Symptoms of Chlorosis: Light Green Leaves with Dark Green Veins
Does your houseplant have Chlorosis?
A houseplant that has Chlorosis is fairly easy to identify. In most cases a Chlorotic plant will be one that is highly active, it gets a lot of light, uses water vigorously, grows rapidly, and is usually quite well established. To accurately identify Chlorosis look for the following symptoms:
- New growth on plant grows in a very washed out, faded, light green or yellowish color that remains into maturity.
- The faded out new growth will have dark green leaf veins.
- The older established growth will be a normal healthy vibrant green color.
There are other things that cause fading or color distortion on leaves that are not Chlorosis but may be mistaken for it. The key identifier is that the issue will show on new or newest growth only and the deep green veins will be present. If you have a similar issue but not the same symptoms you probably have a different problem such as, discoloration from over or under watering, a plant in too low of light, or a Spider Mite infestation. To explore other possible problems check the library of Thoughthole hubs for more issues that may better fit your situation. If it sounds like Chlorosis may be what your dealing with read on for more information.
OK, so what is Chlorosis?
If a plant is found to be Chlorotic, it is not producing enough Chlorophyll. You know the stuff that makes a plant green, and allows for a plant to do photosynthesis. Chlorosis usually occurs when a plant is highly active and uses up all the minerals in its soil. The key mineral in deficit in a case of Chlorosis is iron, so a Chlorotic plant can be compared to some extent to an anemic human. The Chlorosis symptoms show up on new growth because the older growth has already established its Chlorophyll content, when the plant attempts to produce new leaves there is not enough iron available for the plant to create a healthy green leaf.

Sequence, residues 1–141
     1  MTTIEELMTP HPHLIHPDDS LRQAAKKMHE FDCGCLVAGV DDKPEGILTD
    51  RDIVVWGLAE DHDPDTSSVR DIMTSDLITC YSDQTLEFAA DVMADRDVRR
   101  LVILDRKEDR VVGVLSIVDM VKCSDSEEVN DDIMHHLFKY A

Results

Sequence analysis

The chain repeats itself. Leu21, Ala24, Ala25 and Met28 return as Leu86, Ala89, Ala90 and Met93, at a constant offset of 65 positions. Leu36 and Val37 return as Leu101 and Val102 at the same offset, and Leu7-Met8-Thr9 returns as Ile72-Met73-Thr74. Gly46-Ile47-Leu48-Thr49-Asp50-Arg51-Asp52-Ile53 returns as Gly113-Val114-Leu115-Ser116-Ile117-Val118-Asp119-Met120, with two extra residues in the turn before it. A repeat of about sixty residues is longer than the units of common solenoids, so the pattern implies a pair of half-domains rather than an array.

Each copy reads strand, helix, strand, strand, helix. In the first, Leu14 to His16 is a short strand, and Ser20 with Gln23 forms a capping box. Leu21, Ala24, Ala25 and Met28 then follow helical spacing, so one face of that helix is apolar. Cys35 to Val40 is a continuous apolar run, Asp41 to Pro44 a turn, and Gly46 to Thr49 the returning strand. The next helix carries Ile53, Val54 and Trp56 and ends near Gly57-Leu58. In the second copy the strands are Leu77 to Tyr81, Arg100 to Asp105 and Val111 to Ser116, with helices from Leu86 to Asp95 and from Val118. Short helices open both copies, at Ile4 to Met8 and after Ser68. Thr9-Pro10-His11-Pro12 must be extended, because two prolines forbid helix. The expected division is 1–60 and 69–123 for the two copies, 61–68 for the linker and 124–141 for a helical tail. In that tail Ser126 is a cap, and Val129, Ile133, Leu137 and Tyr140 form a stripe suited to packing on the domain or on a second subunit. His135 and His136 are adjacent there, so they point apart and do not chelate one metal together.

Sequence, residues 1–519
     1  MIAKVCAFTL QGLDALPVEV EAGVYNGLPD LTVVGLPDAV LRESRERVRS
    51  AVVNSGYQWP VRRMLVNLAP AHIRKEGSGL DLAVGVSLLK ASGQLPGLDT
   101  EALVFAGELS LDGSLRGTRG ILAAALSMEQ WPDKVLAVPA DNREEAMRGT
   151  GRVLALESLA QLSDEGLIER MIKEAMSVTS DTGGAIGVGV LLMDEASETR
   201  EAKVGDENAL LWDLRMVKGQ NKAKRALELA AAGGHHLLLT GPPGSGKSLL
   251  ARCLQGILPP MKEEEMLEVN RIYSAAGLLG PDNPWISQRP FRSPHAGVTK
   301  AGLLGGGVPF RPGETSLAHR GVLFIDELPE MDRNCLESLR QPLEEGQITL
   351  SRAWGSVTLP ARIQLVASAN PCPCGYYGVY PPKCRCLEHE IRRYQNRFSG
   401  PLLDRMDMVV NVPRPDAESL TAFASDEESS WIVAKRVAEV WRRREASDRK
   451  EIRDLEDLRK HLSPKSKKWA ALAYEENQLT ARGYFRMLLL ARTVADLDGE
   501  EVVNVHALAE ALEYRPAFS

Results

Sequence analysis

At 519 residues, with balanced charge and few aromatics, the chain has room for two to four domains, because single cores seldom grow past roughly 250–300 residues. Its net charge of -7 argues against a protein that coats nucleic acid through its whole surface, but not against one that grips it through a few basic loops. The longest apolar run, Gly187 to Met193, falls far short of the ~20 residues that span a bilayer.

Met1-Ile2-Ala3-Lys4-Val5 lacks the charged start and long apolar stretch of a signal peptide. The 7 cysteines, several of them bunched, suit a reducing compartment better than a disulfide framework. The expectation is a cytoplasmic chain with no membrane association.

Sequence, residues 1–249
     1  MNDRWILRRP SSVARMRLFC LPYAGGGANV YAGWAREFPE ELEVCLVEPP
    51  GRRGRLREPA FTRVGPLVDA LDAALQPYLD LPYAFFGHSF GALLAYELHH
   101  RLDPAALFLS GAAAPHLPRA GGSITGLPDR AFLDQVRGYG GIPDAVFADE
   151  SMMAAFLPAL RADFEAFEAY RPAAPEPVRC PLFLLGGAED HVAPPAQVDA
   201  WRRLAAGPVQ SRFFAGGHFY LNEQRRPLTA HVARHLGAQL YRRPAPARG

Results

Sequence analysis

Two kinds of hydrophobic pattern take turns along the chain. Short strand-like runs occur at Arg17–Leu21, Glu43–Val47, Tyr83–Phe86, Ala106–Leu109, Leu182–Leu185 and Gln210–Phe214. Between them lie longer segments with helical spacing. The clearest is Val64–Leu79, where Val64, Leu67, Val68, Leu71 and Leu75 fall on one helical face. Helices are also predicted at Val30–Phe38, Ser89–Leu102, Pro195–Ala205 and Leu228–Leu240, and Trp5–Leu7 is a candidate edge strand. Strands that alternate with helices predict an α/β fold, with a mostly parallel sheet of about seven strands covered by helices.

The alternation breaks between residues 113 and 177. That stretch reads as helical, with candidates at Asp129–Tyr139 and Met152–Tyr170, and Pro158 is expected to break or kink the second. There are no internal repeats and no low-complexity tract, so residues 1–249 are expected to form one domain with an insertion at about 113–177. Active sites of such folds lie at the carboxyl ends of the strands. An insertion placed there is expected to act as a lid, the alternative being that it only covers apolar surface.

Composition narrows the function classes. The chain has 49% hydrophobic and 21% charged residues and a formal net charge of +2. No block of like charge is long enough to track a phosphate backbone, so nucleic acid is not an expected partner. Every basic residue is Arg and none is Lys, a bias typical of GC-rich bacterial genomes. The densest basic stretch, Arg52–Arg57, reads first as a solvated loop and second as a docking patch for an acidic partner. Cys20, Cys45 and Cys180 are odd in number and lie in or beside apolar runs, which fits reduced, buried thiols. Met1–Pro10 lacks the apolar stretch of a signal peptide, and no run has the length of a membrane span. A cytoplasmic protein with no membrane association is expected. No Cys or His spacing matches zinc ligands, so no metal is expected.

Now Chlorosis has been identified, how in the world should it be corrected?
If a plant has Chlorosis it can be helped. Like a human being that has developed anemia (lack of iron in the blood) the correction is to try to supplement iron into ones diet, a plant is no different and since a plant feeds on the contents of its soil it will require a high iron fertilizer or soil additive.
Cautions: again like unto a human, iron can be a somewhat difficult supplement to process and extract for a plant, and too much can be toxic.
It is recommended that you try and find a fertilizer with Kelated iron, this is much more easily absorbed and processed. If your plant is Chlorotic it is highly likely that it is deficient on other key nutrients and minerals as well, so ideally a well balanced fertlizer with kelated iron would be the best option. Make sure to follow instuctions well when introducing a plant supplement in any case but especially with iron, too much iron can burn and damage a plant. Always be sure that your houseplant is in a stable condition when introducing iron supplement or fertilizer or any kind. If a plant is overly dry, or overly wet it will already be in a volatile state allow it to come back in balance before introducing more variables, failure to do so can cause additional complications that can cause your plant to become increasingly unsightly or even die.